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Home : Frequently Asked Pet Health Questions : A-B-C : CAN MY PET REALLY BE ALLERGIC : 

CAN MY PET REALLY BE ALLERGIC

Can dogs and cats really have allergies?

Yes. Cats with allergies are seen occasionally. Dogs, however, are quite commonly bothered by allergies and the problem is likely to persist for life. Also, certain breeds are more prone to be allergic than others.

Do allergic dogs sneeze and have runny noses?

Not usually. These symptoms are more likely to be associated with people who have allergies.

How do pets show their allergic symptoms?

The symptoms can be highly variable because of individual differences in sensitivity and exposure. Itchy feet, ears and inflammation of the skin are some of the symptoms associated with allergy in dogs. Cats may show skin conditions as well as asthma.

What causes a pet to have an allergy?

The tendency to allergy may be inherited. It is known that once your pet is exposed to an allergen, sensitivity is established. Every time he is exposed to the allergen, the reaction occurs.

What substances cause allergies?

Allergies are caused by “allergens.” An allergen is any substance or material that can cause a reaction in the allergic patient. Some examples of allergens are pollens, wool, mold spores, house dust, and some foods.

When do pets develop allergic reactions?

Allergic reactions to inhaled substances begin to appear at 6-24 months of age. The reaction can then occur within a few minutes after exposure, but signs sometimes may not appear for several days or weeks.

What if your pet goes untreated?

The itchy sensation and inflammation of the skin is likely to lead to self-trauma by rubbing, licking and chewing. This may result in extensive and severe damage to the skin, and that sets up conditions conducive to infection.

How can I tell if my dog is allergic?

Ask your veterinarian. First of all, he must determine whether your dog’s symptoms are caused by an allergen. Sometimes the secondary causes are so troublesome that the real cause is difficult to identify until secondary problems, such as bacterial infection, can be controlled.

Your pet’s doctor will need a detailed history of your pet’s problems, including such things as: age at onset of allergic symptoms, seasonal occurrence, first signs of trouble, subsequent signs and any correlation between the sensitivity and amount of exposure.

Usually, the first experience with inhalant allergens coincides with plant pollination. In time, however, seasonal patterns may be lost as the patient becomes sensitive to dust and other materials. Observation of flare-ups will help to determine which inhalant allergens are important to the patient.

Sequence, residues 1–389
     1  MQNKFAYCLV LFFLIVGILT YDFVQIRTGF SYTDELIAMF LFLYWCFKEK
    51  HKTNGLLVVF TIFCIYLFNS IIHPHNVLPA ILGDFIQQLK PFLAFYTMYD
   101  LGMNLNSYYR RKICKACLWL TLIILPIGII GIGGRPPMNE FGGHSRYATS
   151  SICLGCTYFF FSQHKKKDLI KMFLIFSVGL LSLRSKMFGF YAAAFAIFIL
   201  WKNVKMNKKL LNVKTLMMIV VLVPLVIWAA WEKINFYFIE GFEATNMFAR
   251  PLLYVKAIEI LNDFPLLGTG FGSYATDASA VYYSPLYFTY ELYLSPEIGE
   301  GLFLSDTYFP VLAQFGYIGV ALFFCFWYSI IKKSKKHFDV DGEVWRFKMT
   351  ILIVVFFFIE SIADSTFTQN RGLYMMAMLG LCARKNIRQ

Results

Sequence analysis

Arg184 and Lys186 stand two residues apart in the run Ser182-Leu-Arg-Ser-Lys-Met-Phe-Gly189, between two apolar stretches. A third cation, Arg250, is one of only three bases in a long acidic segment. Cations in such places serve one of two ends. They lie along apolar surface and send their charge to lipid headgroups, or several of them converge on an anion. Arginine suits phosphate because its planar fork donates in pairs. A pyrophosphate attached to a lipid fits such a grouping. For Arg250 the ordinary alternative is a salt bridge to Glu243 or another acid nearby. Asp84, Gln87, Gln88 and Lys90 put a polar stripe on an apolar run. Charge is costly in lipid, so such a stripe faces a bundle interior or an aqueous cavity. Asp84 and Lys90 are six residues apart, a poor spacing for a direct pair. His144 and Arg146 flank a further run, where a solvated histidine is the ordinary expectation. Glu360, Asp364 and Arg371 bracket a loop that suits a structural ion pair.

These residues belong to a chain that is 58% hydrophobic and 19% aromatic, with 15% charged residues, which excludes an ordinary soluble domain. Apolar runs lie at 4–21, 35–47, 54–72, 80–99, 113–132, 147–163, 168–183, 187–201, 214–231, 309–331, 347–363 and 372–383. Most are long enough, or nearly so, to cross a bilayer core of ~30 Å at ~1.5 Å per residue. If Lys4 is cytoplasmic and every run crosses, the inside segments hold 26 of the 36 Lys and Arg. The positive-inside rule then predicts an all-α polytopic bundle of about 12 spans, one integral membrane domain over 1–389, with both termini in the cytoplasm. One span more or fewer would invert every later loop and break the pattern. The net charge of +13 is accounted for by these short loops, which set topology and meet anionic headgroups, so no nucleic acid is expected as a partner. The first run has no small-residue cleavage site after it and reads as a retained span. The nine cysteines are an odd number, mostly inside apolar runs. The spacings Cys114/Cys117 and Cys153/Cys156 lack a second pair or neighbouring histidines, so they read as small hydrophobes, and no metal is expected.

What are some common allergens?

Inhalant allergens:

  • Pollen-especially the wind-pollinated weeds and grasses. These “aeroallergens” travel for many miles. They have been found as far as 200 miles out over the Atlantic Ocean. Ragweed and grasses are among the most potent pollens.
  • Mold spores - these are microscopic particles that produce “mildew,” musty smells in damp basements, “fungus” growth on food and in piles of decaying grass and leaves. Spores are the means by which the fungi travel and reproduce. Mold spores are very potent allergens to both dogs and people.
  • House dust - this is a combination of all the fine particulate material that floats in the air in our living area.
  • Feathers and dander.

The inhalant type

  • Allergies may be confirmed by specific allergy testing.Contact, dietary, and drug allergies may also contribute to allergic disorders in dogs.

What is allergy testing?

  • After the detailed history of your pet is evaluated for indications that allergy is likely, allergy testing may be done to confirm that allergy is involved. Allergy testing may be two types: blood testing and skin testing. Based on the test results, the history can be reviewed and the veterinarian can tell you which allergens are most likely bothering your pet, and treat him accordingly.

What can be done to give my pet relief?

  • Avoidance-reduction of allergens is important. It is most helpful in contact and dietary allergies. In inhalant allergies, feathers, aerosols, and smoke are some examples of environmental allergens that can be reduced or avoided.
  • Antihistamines-these may be prescribed for relief of symptoms during minor or short episodes. They are most helpful for canine patients that show respiratory symptoms as part of their allergies.
  • Corticosteroids-these are prescribed for control of more severe signs. The relief can be dramatic. However, their side effects limit these drugs to careful considered use.
  • Hyposensitization-this method is prescribed for those patients whose allergies span seasons, or year round; whose symptoms are not controlled by the use of antihistamines, or corticosteroids in reasonable amounts; or where these drugs cannot be used in particular patient.

What is hyposensitization?

Your veterinarian may recommend hypo-sensitization just as an allergist would recommend “allergy shots” for a person. This procedure involves giving small doses of the offending allergens to the patient (animal or human) in gradually increasing amounts. After a period of time, which varies considerably from patient to patient, these procedures reduce the sensitivity to the allergic symptoms without the undesirable side effects of corticosteroids and similar drugs.

This procedure may require dose adjustment and modifications according to the needs of the individual patient.

What is the best course of therapy for my pet?
In the treatment of allergic disorders, therapy may vary widely from patient to patient. This is why, for your pet’s well being, your cooperation and participation in the diagnosis and treatment is essential for success.




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